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Review from The Word Fiend,
This review is from: The Last Four Things (Paperback)
**Warning: As this is the second book in a trilogy this review may contain spoilers for those who have not read the first one, The Left Hand of God.**
I had mixed feelings after finishing the first book in this series, The Left Hand of God. I enjoyed the world that Paul Hoffman has created and was intrigued by Thomas Cale, the violent and unpredictable young man at the heart of the story. But I wasn't entirely sure I liked how The Left Hand of God had ended. So I was very excited when I received The Last Four Things for review to see what had become of Cale and his friends.
But first a note on the book's cover - I like it. The blue light backlighting the hooded and armed warrior as he advances into the darkness of the foreground fits in well with the Redeemers' outlook. And especially with their view of Cale as God's wrath incarnate.
Paul Hoffman has created a fantasy world that draws strongly on the "real" world for its names and culture. But it's the way he has combined these elements that makes this world different. Medieval culture exists beside ancient Greek and so on. I found that the references to civilizations and places I know made it easier to submerge myself in Hoffman's world. His writing style is easy and there are some great turns of phrase throughout The Last Four Things.
The religion of The Hanged Redeemer plays a crucial role in this series. It shapes the characters and many of their decisions and actions in one way or another. Again Hoffman has drawn on the history of Christianity and used elements to create something familiar, but dark and unsettling at the same time. The politics and infighting that is an intrinsic part of any such large organisation allows Hoffman to introduce subplots and greater complications.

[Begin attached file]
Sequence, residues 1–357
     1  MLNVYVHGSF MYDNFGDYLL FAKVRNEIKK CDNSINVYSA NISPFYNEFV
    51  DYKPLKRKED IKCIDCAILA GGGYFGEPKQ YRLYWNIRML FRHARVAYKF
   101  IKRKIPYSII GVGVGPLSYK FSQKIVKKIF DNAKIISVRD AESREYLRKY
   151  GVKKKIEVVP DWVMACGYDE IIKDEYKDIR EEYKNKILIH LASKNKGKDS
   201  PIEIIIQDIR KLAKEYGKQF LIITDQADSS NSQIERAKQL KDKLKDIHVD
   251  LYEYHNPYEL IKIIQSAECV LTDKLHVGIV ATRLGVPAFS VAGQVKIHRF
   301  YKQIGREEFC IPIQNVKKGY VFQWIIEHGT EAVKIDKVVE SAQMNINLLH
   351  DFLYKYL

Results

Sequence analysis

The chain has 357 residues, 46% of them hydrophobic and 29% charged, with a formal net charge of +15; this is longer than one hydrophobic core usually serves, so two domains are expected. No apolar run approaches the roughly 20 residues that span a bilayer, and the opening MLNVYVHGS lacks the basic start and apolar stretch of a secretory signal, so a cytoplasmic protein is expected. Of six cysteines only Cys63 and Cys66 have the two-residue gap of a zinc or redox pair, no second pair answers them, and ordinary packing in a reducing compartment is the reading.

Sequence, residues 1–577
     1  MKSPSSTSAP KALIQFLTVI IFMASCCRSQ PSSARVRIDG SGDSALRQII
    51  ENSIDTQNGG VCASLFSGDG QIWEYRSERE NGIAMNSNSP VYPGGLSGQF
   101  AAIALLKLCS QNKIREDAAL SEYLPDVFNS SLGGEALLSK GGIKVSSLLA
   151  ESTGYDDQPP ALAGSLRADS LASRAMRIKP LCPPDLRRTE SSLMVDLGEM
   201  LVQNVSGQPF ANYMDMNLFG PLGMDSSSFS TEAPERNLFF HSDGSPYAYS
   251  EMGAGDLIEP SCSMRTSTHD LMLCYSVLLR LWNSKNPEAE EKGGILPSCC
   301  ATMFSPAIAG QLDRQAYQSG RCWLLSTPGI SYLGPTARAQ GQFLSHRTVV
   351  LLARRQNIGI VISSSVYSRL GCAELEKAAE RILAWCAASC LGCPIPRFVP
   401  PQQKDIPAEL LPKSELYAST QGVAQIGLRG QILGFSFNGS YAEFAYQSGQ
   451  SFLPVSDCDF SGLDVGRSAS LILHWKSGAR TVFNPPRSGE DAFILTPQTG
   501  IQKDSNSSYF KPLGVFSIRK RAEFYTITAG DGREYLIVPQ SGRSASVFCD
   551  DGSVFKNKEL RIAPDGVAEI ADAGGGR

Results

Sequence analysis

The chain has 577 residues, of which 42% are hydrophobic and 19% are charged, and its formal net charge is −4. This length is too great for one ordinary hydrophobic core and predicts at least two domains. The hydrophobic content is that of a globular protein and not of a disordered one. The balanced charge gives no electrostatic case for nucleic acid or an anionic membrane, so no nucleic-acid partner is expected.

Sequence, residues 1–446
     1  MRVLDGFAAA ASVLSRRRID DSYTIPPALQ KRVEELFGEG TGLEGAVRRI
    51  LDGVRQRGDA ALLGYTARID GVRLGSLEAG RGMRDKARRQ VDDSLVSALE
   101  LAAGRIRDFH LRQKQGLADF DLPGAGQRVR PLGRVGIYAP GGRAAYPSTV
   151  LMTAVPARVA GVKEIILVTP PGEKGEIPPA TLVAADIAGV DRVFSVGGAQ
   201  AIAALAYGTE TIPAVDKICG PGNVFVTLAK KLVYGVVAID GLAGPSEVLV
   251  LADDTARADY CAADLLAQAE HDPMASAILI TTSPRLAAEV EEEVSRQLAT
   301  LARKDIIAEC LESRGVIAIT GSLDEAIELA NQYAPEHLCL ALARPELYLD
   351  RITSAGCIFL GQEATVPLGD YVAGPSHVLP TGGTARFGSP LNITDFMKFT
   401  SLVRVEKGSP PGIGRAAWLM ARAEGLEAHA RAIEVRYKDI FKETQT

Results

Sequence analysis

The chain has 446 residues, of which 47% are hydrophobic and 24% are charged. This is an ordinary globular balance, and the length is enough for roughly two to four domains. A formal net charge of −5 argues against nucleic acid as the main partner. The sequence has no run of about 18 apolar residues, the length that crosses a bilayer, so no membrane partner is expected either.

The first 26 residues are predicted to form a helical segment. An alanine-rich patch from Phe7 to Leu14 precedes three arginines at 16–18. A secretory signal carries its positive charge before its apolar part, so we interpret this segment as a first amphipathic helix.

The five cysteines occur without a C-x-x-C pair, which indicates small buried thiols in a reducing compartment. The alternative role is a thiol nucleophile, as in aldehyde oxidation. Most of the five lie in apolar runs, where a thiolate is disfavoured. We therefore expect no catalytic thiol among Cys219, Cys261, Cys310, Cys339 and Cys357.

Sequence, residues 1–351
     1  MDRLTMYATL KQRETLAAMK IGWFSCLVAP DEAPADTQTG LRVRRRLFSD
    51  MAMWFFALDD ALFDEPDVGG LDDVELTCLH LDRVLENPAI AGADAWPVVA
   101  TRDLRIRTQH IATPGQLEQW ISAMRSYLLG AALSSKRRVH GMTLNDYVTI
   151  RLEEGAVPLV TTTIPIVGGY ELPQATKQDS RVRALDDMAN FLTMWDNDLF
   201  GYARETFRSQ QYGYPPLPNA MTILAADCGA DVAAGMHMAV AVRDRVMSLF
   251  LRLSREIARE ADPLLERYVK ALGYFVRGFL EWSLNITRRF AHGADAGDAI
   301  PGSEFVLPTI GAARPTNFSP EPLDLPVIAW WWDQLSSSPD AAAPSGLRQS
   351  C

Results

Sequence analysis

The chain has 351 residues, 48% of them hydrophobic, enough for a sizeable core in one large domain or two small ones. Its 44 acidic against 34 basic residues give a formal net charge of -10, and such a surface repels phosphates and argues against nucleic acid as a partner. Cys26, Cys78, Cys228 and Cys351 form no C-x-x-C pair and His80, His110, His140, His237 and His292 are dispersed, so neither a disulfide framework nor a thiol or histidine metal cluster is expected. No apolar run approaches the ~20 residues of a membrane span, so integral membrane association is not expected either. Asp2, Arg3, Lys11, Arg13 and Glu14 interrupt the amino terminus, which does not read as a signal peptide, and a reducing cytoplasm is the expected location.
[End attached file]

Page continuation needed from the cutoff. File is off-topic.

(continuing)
Thomas Cale is a bit of an enigma as far as main characters go. At times his humanity and something more gentle show through and you begin to like him. But then, often within a page, he has become a hard and violent person who trails catastrophe and blood in his wake. It's at these moments that you can almost believe that he is the embodiment of God's wrath. This constant shift in Cale's behaviour and demeanour can be quite unsettling and as a result I was often not sure what to feel about him. This is a risky way for an author to handle their main character because readers need someone to connect with in the story. But Hoffman manages to pull it off by showing us glimpses if Cale's humanity and by balancing him with other characters. I'm still not entirely sure how I feel about Thomas Cale, but I'm leaning towards liking him and I do know that I want to read the next book to see what happens to him. He's a puzzle I really want to solve.
Paul Hoffman's The Last Four Things does a good job of advancing the story and characters he introduced us to in The Left Hand of God. And he's left me wanting to know what he's got in store for us next.